Setting aside a public space to promote free speech
Prague Speakers' Corner branches out across the globe
Posted: June 6, 2012
Free speech is at the heart of democracy across the globe. The Greek writer Homer said it was every man's right; the French philosopher Voltaire would have died to protect it; and former Czech President Václav Havel believed it to be the cornerstone of democratic life.
Since the Velvet Revolution, and thanks largely to Havel's leadership afterward, free speech has become an accepted civic right in the Czech Republic over the past 20 years.
In 2004, Prague even saw the establishment of its own Speakers' Corner, inspired by the famous Hyde Park platform in London where anyone can come and express their views.
British expat Euan Edworthy, who has been based in Prague since 1994, was behind the establishment of the Prague Speakers' Corner, and is now a trustee of the international charity Speakers' Corner Trust which grew out of his original idea.
"We wanted to create a forum where people could express their opinions and not be scared," he said. "Speakers' Corner is a landmark for freedom of speech in the sense that, if anyone came and tried to bulldoze it, it would be a huge thing."
From its launch pad in Prague six years ago, Speakers' Corner Trust has grown and unveiled a number of Speakers' Corners across the globe, from Berlin to Abuja, Nigeria.
"It was born as a pipe dream. Now it has evolved into a UK-based, international charity," Edworthy said.
Speakers' Corner Trust is now run by director Peter Bradley, a former Labor MP, and backed by major sponsors and supporters, including the UK Justice Ministry and Google.
Edworthy said there are plans in place to expand further in the Central and East European region, as well as focusing on developing the outpost in Nigeria.
"We are actively looking at opportunities in southern Europe at the moment, primarily in Serbia, Slovenia, Bosnia, Croatia and Montenegro," he said. "It takes time to get the right partnerships with local authorities, nongovernmental organizations and local community and educational groups, although we hope to have a couple of additional Speakers' Corners up and running before the end of the year," he added.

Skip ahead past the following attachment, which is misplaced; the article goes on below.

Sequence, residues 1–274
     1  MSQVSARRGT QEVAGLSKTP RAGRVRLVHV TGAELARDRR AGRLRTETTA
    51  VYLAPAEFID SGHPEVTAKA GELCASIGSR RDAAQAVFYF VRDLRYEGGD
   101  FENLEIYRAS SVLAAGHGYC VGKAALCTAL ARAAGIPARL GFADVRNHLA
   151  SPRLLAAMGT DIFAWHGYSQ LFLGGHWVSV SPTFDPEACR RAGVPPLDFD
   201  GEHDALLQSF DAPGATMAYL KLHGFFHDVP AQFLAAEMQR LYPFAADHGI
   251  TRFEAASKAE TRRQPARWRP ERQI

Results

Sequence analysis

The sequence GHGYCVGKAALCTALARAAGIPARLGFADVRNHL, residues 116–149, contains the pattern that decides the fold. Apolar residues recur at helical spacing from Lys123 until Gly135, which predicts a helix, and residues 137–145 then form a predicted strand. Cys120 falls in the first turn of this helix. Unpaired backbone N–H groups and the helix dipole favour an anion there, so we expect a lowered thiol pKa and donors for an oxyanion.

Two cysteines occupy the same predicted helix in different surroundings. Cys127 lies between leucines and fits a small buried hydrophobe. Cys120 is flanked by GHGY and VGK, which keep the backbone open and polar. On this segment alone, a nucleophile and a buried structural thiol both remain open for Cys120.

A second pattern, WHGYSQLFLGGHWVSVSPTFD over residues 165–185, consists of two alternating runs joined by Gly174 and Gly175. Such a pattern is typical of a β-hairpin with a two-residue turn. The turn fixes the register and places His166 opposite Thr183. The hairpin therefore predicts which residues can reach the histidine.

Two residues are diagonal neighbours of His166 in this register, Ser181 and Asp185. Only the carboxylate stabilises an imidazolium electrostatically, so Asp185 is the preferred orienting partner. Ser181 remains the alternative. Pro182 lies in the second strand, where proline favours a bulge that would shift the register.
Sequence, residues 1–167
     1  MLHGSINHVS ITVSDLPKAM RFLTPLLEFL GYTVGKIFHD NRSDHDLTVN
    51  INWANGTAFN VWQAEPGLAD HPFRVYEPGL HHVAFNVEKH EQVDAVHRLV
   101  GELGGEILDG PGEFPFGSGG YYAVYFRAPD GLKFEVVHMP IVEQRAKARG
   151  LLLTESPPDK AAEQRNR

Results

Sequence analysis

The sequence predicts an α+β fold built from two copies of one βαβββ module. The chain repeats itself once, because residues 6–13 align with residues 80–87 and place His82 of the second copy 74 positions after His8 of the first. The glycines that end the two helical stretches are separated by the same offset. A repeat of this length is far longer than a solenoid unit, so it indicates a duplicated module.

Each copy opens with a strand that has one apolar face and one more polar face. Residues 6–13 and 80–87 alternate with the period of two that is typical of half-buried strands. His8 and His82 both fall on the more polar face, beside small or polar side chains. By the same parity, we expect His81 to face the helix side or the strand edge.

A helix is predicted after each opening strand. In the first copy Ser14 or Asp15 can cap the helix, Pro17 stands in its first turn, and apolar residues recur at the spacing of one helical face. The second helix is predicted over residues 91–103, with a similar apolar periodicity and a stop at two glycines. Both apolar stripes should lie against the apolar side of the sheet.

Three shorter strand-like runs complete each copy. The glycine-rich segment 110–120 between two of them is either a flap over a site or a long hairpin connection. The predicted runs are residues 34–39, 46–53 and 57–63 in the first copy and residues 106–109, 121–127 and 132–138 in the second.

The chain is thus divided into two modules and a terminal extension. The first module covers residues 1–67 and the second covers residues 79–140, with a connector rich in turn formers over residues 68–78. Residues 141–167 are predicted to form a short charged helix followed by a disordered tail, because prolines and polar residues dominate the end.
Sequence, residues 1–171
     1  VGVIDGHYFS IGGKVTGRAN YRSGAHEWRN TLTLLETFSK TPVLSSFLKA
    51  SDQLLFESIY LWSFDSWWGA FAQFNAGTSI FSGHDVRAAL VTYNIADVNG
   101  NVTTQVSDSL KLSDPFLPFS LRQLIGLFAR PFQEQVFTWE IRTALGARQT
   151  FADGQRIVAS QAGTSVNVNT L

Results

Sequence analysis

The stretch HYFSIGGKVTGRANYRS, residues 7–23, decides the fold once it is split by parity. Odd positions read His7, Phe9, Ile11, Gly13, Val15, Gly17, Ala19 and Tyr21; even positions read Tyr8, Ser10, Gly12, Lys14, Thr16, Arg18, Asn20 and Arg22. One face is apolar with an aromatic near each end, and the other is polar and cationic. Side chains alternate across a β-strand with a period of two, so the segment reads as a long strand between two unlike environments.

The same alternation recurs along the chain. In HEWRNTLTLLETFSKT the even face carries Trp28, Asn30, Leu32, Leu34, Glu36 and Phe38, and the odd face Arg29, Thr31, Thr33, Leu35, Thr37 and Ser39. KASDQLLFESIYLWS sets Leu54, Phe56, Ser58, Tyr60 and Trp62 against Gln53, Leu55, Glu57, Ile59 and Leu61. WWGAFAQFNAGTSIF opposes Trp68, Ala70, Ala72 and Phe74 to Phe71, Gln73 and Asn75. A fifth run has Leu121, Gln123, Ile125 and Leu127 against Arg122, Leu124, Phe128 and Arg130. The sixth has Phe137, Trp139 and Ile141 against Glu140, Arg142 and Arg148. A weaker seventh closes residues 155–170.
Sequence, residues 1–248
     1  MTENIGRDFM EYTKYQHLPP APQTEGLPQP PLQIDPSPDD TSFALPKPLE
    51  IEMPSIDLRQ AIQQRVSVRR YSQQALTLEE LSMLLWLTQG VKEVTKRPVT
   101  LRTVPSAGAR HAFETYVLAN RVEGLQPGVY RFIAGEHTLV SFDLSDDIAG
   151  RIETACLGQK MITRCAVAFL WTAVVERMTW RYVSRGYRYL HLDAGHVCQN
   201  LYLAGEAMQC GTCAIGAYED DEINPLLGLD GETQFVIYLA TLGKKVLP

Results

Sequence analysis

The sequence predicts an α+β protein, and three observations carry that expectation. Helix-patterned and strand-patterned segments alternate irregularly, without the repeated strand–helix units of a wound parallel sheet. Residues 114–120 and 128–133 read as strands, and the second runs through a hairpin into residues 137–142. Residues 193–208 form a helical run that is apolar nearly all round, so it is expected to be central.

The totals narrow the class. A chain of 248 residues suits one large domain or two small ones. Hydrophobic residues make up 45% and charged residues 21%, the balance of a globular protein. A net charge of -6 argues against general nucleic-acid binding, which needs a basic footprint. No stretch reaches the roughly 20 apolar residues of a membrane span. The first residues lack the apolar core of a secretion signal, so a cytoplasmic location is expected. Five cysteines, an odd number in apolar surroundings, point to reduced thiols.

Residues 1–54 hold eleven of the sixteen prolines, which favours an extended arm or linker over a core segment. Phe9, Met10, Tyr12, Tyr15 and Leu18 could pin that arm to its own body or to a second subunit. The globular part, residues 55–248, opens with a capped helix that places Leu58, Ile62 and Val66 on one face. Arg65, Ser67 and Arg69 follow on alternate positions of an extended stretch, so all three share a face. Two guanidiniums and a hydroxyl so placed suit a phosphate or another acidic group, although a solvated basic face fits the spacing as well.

As well as setting up the platforms, the trust works with educational partners in a bid to help the new generation understand the importance of free speech and to revitalize civic debate, even in countries where free speech is taken for granted, like the United Kingdom.
In partnership with Leeds University, Speakers' Corner Trust has just launched the Youth Amplified website, which provides a range of free resources to teach speaking and listening skills to those between the ages of 11 and 18.
All of the charity's activities aim to promote their central tenet: the importance of free speech.
Or as Havel, himself a founding patron of Speakers' Corner Trust, put it: "Freedom of expression is the cornerstone of democratic life. It is by the free exchange of ideas among citizens about how they should live together and how they should be governed that we create and sustain the democratic society.So the rights to free association and expression are scarcely less important than the right to live in peace and free from want."
For more information, go to Speakerscornertrust.org.
Jennifer Rigby can be reached at